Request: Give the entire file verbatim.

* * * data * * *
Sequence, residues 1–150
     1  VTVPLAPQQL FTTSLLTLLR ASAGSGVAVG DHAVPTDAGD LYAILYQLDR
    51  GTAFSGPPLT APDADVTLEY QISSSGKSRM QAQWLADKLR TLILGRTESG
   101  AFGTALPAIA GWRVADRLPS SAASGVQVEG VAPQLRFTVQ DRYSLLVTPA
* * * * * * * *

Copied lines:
Sequence, residues 1–150
     1  VTVPLAPQQL FTTSLLTLLR ASAGSGVAVG DHAVPTDAGD LYAILYQLDR
    51  GTAFSGPPLT APDADVTLEY QISSSGKSRM QAQWLADKLR TLILGRTESG
   101  AFGTALPAIA GWRVADRLPS SAASGVQVEG VAPQLRFTVQ DRYSLLVTPA